Losing My Identity

I know this Inside Out is two weeks late – but my editor at the Democrat was on vacation last week. So I never got back my edited piece to run here in the online version. Just think of it as double the love this week!

Somewhere along the line, I’ve lost my identity. It’s not identity theft – at least not in the “oh no, they’ve spent thousands on electronics and sporting equipment, and we have to fight the credit card company to get it back” kind of sense.
No money has passed hands. And I’m not ripping through old wallets looking for my Social Security card.
But somehow, my name has transferred from Jeanne to “Jilly’s mom.”
Call it too much work – or a case of Mommy brain – but it went unnoticed until last week.
My daughter’s friend wandered into my office Wednesday night.
“Jilly’s Mom, Jilly’s not sharing,” she told me, her little eyes pitiful, her little lips in a pout.
Five minutes later, the same eyes were bright, the mouth spread wide in a grin. “Jilly’s Mom, look! We’re watching ‘Madagascar’!”
OK, she’s only 3. I can’t expect her to remember my name.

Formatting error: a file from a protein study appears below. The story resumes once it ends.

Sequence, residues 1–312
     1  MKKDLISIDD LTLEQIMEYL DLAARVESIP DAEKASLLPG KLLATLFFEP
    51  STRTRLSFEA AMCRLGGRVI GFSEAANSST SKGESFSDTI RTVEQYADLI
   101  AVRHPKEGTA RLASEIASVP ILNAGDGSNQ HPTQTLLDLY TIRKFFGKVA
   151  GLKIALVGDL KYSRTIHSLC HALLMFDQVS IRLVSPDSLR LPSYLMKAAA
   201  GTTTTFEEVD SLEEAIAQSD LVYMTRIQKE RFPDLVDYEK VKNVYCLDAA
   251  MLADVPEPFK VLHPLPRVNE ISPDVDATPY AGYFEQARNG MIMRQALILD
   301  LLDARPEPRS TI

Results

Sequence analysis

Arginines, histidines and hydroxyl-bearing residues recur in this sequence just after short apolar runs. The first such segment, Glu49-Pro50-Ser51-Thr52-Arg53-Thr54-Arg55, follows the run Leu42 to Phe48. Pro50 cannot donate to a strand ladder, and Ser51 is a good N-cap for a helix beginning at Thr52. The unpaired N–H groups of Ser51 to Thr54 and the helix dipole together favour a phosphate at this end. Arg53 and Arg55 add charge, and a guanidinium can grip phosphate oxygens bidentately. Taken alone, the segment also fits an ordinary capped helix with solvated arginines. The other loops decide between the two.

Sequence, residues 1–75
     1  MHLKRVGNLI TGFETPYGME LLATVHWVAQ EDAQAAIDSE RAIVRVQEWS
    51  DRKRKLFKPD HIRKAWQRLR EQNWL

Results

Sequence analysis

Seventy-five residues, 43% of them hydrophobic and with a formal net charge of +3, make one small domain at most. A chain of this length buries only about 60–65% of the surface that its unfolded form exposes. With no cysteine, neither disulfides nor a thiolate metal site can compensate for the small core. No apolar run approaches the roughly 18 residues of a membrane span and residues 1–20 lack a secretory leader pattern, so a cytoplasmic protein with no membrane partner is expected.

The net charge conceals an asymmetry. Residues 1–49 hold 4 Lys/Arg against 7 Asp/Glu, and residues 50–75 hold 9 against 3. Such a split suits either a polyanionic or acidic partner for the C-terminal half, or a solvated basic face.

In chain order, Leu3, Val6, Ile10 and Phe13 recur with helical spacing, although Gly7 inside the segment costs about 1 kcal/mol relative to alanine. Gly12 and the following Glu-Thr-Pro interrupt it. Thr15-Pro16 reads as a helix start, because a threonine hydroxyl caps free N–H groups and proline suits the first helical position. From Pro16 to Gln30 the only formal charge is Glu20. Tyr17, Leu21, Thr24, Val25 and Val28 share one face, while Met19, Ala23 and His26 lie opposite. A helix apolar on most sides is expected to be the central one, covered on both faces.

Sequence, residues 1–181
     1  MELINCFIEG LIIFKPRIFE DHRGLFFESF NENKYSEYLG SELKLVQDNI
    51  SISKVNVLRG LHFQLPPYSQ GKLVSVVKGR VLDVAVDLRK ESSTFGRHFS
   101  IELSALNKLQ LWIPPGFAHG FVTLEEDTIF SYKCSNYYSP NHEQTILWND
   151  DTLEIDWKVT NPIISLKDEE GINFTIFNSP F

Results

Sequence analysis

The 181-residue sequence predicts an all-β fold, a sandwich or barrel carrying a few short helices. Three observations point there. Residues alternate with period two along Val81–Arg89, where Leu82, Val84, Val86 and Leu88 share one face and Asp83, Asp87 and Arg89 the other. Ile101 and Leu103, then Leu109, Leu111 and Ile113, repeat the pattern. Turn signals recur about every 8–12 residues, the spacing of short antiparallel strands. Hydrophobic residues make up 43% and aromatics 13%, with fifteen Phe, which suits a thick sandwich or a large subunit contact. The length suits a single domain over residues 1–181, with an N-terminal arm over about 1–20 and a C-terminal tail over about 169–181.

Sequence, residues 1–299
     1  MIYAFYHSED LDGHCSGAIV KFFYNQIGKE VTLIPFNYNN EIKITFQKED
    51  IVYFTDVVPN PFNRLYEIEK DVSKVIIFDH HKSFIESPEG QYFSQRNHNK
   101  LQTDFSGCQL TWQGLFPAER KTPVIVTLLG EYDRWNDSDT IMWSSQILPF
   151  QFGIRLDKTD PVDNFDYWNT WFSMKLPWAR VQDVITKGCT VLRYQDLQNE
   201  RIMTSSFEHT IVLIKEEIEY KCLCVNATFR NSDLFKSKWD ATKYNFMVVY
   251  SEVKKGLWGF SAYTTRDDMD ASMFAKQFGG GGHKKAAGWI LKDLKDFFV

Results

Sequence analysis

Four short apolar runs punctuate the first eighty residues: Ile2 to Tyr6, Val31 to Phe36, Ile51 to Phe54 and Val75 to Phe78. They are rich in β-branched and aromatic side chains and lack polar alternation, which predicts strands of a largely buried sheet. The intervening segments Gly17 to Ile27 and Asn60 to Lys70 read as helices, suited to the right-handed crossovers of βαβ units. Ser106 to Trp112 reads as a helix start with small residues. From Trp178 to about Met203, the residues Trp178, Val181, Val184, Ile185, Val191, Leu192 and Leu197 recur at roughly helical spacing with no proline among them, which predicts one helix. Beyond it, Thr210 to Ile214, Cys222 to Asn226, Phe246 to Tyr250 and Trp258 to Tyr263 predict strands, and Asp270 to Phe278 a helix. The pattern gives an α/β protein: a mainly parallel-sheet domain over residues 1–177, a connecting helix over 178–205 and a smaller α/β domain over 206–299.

But she’s not the one who has me worried.
I was ready to crash when I came in from a day spent photographing yet another wedding when my daughter came rushing to the door. “Mommy, Mommy, I missed you! What did you do today?”
Honestly, I’d talked about her. A lot.
Because every single person had asked me about Jillian. At least every single person I knew. And a few I didn’t.
It’s always nice when people ask, don’t get me wrong. But the conversations I have on the road these days are a far cry from those I was having just three years ago.
We still talk about work at the Democrat, the doings in the news business, the latest stories to hit the street – everyone wants to know what the reporter has cooking.
Sometimes it turns to my parents or my grandfather. But where it might eventually have landed on me – people don’t need to ask anymore.
If you want to know how a parent is, you ask about their kid.
If you want to know about me, you ask about Jilly.
And so it is, I’m not Jeanne anymore. I’m Jilly’s mom.
And I couldn’t be happier.

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